Bob Pickard has one of the largest networks of PR pros in the world. He recently offered his community a Twitter poll of the organization you’d least want to speak for nowadays, with three options: Exxon, Philip Morris, or Facebook. Facebook was on top with 66 of 169 votes:
These clients pose some of the biggest potential ethical problems for PR professionals today – which would you LEAST want to help communicate even if you were offered a large amount of money?— Bob Pickard (@BobPickard) September 27, 2021
We didn’t see anyone quip “seems harsh” as you do on Twitter (we didn’t check Facebook) so we thought we should. At Verb we like tech companies, we have friends at Facebook, including in their PR team, and we would be happy to work with them. Also, we don’t smoke and we want a Tesla. How come more of our PR colleagues would rather speak for carbon monoxide than tech?
One reason is that Facebook’s PR has been dismal. People close to the company have even been trying to pitch in by amending their public statements:
Imagine being at Facebook PR right now. Would you take advice from former teammates? We didn’t think so. Even well-intentioned outside advice is the last thing you need. What you really need as a Facebook PR person is access to the company leadership. They are the ones who need an urgent outside view.
A Case of “PR Fiasco”
We suspect this is a case of “PR fiasco.” That is, a company makes a horrible business decision thinking it best, and then call it a PR fiasco when it blows up. For example, the BP Gulf spill is the consequence of drilling too deep underwater without any way to stop the flow closer to the well. Calling it a PR fiasco is to take the effect and make it the cause, as in the White Stripes song:
As any PR person knows, access to leadership is indispensable and also very hard to get. It’s one of those things that you work for years ahead of needing it. We doubt anyone who could help Facebook has access to leadership. The whistleblower clearly doesn’t, and she’s been doing some of the best communications on the business problem we ever saw:
This segment is a lesson on how to convey a nuanced message clearly and in full in the shortest possible time https://t.co/xn98eLv5jn— Victor Aimi (@vicatoru) October 4, 2021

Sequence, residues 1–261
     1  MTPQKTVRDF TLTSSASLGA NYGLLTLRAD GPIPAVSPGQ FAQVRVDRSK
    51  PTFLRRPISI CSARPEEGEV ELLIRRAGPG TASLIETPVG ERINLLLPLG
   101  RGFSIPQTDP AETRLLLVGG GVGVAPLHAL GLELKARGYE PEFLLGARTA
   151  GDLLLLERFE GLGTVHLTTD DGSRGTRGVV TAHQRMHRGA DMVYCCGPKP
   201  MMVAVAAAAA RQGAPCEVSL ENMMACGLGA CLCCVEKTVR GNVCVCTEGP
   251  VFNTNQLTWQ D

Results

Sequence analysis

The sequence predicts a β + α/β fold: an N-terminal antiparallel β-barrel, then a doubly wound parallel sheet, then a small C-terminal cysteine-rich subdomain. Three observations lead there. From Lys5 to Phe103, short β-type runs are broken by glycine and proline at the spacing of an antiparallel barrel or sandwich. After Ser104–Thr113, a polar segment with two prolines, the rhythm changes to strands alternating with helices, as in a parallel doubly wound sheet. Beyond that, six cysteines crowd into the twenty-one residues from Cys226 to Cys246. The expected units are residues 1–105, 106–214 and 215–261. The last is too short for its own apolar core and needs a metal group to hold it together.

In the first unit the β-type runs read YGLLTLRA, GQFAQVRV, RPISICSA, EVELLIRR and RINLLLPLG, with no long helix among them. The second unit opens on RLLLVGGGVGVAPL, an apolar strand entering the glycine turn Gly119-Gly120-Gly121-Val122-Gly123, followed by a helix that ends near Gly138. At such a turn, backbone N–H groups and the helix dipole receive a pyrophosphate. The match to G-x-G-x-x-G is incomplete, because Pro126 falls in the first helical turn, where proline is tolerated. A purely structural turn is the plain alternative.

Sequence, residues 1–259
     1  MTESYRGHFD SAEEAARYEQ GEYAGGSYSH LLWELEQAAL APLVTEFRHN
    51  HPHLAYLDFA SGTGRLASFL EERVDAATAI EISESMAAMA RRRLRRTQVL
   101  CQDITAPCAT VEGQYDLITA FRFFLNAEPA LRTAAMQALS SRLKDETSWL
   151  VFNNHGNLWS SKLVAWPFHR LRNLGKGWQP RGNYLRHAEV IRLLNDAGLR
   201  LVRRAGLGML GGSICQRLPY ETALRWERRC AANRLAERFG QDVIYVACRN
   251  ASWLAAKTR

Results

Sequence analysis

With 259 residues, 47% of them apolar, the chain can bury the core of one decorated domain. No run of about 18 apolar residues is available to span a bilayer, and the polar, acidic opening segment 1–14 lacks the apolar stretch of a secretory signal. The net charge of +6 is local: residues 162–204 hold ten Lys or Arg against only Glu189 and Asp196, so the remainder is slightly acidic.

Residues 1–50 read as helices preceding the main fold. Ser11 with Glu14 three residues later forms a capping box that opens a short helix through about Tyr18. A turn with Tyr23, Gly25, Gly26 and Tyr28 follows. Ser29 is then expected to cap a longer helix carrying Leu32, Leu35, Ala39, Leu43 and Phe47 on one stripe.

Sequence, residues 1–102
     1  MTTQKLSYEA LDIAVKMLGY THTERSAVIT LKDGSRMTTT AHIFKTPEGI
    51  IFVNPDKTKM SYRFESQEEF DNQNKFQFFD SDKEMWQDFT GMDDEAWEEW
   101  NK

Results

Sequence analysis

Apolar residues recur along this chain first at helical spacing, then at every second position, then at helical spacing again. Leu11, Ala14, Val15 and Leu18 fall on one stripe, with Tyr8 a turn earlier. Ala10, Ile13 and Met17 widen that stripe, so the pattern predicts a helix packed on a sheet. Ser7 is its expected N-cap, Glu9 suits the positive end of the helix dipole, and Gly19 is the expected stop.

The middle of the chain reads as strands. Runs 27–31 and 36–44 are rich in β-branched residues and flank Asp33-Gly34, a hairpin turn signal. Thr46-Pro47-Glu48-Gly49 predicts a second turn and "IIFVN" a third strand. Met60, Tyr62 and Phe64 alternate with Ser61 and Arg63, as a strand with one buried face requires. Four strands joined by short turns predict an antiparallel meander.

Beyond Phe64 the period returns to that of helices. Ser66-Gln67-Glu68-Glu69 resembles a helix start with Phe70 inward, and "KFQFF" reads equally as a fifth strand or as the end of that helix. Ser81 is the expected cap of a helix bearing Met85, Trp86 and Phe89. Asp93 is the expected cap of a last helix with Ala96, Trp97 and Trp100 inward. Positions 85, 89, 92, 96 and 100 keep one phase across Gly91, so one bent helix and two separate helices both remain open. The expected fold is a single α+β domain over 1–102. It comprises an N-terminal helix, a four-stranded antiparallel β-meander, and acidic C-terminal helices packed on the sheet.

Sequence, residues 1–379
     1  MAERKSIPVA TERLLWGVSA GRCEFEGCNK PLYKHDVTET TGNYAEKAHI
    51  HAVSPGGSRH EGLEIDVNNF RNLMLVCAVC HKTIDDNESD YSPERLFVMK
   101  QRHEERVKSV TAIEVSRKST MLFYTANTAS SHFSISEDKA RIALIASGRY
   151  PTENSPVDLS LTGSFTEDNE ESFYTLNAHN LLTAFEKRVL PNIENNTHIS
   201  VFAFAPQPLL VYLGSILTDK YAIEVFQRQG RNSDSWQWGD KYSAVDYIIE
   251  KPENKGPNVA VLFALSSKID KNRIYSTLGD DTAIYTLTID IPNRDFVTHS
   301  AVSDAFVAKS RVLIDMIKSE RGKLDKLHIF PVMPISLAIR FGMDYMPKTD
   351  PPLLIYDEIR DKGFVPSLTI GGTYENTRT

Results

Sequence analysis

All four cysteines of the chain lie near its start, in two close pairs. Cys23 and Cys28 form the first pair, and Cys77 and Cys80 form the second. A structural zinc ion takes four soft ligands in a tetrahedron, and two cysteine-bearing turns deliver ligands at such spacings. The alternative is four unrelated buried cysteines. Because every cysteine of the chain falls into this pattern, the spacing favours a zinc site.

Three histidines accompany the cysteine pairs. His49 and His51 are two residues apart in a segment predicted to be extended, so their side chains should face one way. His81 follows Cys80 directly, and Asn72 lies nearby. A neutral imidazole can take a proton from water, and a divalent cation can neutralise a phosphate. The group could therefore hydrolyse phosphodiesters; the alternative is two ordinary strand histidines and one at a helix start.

Verb is a Facebook customer after studying the platform and running some fun campaigns to understand its power. We are closer to Facebook’s heart than the whistleblower. At close to $100 billion of revenue per year from a product—Facebook and Instagram ads—that any organization worldwide can buy with just a credit card, Facebook sure has millions of customers of every size and industry like us. We think that Facebook should talk to us.
What Should Facebook Say?
What should they say? Crisis expert Fred Garcia of Logos would reply that’s the wrong question. Instead, he would say that Facebook should ask themselves, “What would reasonable people appropriately expect a responsible organization or leader to do when facing this kind of situation?”
In other words, forget about redacting the “stolen” documents or telling the whistleblower’s story for her. Tell me how you’ll never run my ads next to a human trafficker’s ones, or together with posts that make teens want to hurt themselves, or with ads for super-human strength supplements. The longer you take to do that, the more you act like we are in the same business with those folks.
And we are not. “All” we want is a way to talk to the public that’s effective and affordable. We get there’s a dilemma between efficient and trustworthy communications! You are not the first ad company to have ever existed. Instead, you were the first to offer B2B leads at $5 per lead across countries and languages by reaching people on their mobiles. We give you credit for that.
The Trilemma Solution
Here’s where communication experts can help after all. In his book about communication ethics, author Steve May talks about “the trilemma solution:”
“A creative means to move beyond the ethical dilemma by appreciating the tension between the two values”Steve May